During the summer months and prior to the spring semester, officers meet with the faculty advisor to discuss difficulties that arose during the previous semester, generate possible solutions to those problems, and plan the agenda for the upcoming semester. Planning the agenda literally means mapping out all meetings before the semester begins and deciding what will occur at each meeting. This is a process very similar to what many instructors follow in planning their courses for the semester. As this process has been repeated several times, the group does not have to reinvent the wheel each semester. We generally know the flow of events and activities during the semester.
We have worked hard to distribute the workload so that no one person is doing all of the work. The officers organize meeting plans and invite speakers prior to the beginning of the semester. Once the semester begins, other members work on subcommittees to complete projects.
Our chapter averages an 8-10% participation rate of majors and minors. Because this rate has remained relatively stable despite meager or heroic efforts, I have concluded that this rate of participation is about what can be expected. I make a point of educating the Psi Chi officers about expected participation rates because continuous, ongoing publicity is essential to making Psi Chi known on campus and recruiting that interested and qualified 8-10%. Secondly, I do not want the officers to become discouraged when they send out 180 invitations to a special event and three or four new people show up. We take those new people and attempt to integrate them into the chapter as quickly as possible by giving them something important to work on.
We advertise constantly in a variety of ways: (1) Personal invitations to the first meeting of the semester are sent out to all psychology majors and minors. This first meeting generally offers food (always a good draw) and a "mystery" drawing for those who attend. Usually a faculty member donates a psychology book or text for the cause. (2) Our institution holds a biweekly convocation during which a campus newsletter is distributed. The Psi Chi chapter secretary ensures that an announcement concerning upcoming meetings and events is included in each edition of the newsletter. (3) Meeting dates, speakers, and news of special events is submitted for publication in the student newspaper. We also alert the public relations office in advance of all of our activities so that a photographer will be present. (4) A semester agenda is printed and distributed to all students who attend meetings. Additionally, all regular and adjunct faculty are asked to distribute the meeting agenda in their courses. (5) Last, but most important, the officers and I constantly announce meetings and events and personally invite students to attend. A handshake and a hello go a long way in creating an inviting and welcoming atmosphere for interested students.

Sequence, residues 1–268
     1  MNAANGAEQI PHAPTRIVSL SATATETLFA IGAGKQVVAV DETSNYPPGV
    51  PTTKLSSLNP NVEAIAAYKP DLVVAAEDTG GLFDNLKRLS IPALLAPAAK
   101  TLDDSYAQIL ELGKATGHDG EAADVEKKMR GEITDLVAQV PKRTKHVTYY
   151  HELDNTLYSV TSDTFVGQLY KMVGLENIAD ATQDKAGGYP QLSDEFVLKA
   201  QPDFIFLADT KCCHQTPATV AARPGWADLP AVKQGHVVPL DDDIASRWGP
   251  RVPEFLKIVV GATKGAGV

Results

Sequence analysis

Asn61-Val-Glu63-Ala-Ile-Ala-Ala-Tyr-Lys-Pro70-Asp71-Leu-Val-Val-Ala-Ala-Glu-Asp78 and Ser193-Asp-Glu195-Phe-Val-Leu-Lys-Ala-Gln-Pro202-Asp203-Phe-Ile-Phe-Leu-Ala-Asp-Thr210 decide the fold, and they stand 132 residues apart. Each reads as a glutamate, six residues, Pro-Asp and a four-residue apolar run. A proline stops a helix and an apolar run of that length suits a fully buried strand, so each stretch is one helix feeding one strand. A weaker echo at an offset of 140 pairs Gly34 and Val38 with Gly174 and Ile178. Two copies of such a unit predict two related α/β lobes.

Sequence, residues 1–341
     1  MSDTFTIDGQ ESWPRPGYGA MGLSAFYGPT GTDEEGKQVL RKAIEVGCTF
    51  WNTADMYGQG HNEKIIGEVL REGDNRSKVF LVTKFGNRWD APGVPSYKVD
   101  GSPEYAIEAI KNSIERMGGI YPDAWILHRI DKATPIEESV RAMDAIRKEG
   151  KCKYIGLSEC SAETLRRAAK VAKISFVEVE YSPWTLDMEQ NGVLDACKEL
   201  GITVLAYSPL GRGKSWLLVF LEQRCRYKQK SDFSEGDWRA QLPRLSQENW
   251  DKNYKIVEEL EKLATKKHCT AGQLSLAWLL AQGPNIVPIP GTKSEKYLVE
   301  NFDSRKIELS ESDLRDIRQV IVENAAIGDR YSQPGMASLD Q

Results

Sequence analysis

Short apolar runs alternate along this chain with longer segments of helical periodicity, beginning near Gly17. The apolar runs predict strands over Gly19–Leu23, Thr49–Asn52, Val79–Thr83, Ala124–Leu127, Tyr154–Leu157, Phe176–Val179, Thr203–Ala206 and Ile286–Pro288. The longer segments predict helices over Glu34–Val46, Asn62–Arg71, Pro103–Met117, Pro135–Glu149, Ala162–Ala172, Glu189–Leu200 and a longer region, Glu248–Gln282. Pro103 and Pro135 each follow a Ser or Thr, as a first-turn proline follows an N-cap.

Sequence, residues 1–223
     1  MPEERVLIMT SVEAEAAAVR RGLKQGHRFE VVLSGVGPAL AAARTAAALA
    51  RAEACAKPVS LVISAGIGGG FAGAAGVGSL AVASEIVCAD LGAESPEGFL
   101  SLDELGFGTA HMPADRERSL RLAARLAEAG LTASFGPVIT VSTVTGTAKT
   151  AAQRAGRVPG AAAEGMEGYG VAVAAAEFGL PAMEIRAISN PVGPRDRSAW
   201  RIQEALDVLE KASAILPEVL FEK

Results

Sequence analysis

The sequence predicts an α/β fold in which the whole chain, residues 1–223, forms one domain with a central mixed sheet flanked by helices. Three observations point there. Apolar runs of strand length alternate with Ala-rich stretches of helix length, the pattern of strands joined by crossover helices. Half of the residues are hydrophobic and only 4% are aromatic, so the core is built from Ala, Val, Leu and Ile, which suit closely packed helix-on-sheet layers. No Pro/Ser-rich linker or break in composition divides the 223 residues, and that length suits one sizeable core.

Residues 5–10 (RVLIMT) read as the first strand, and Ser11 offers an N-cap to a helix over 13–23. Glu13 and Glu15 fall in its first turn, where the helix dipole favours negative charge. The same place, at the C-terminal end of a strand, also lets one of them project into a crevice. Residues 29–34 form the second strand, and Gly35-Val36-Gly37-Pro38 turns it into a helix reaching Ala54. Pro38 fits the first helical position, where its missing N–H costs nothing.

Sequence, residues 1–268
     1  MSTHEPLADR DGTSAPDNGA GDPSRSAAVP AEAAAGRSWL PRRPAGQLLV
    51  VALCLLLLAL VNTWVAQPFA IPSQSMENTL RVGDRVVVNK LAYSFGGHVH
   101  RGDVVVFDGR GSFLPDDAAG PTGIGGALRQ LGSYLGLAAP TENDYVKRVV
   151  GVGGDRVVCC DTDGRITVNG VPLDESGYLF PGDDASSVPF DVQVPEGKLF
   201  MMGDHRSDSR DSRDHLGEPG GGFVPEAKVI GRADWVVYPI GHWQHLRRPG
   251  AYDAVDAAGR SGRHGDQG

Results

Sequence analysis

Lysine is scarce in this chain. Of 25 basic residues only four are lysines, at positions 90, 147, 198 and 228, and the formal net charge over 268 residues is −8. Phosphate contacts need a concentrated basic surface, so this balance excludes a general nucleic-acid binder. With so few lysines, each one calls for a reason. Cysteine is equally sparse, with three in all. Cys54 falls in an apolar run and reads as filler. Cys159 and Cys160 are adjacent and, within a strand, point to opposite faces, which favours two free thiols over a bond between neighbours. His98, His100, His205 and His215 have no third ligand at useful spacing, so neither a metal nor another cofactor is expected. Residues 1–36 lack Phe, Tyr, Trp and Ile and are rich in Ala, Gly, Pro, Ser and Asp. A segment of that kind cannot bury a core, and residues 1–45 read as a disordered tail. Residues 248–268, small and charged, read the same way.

[above] Members of the Charleston Souther University Psi Chi
Chapter (and their children) participating in "Race for the Cure"
to benefit breast cancer research.
As mentioned previously, the chapter follows a fairly standard agenda from year to year. We have a welcoming meeting at the beginning of each semester; invite several off-campus guest speakers from human service agencies in which the students have expressed interest; invite faculty members to discuss graduate school, the GRE, and/or career options; participate in the Psi Chi National Service Project; sponsor a joint fundraiser/social activity; and end the semester with a pizza party during which certificates of appreciation are awarded.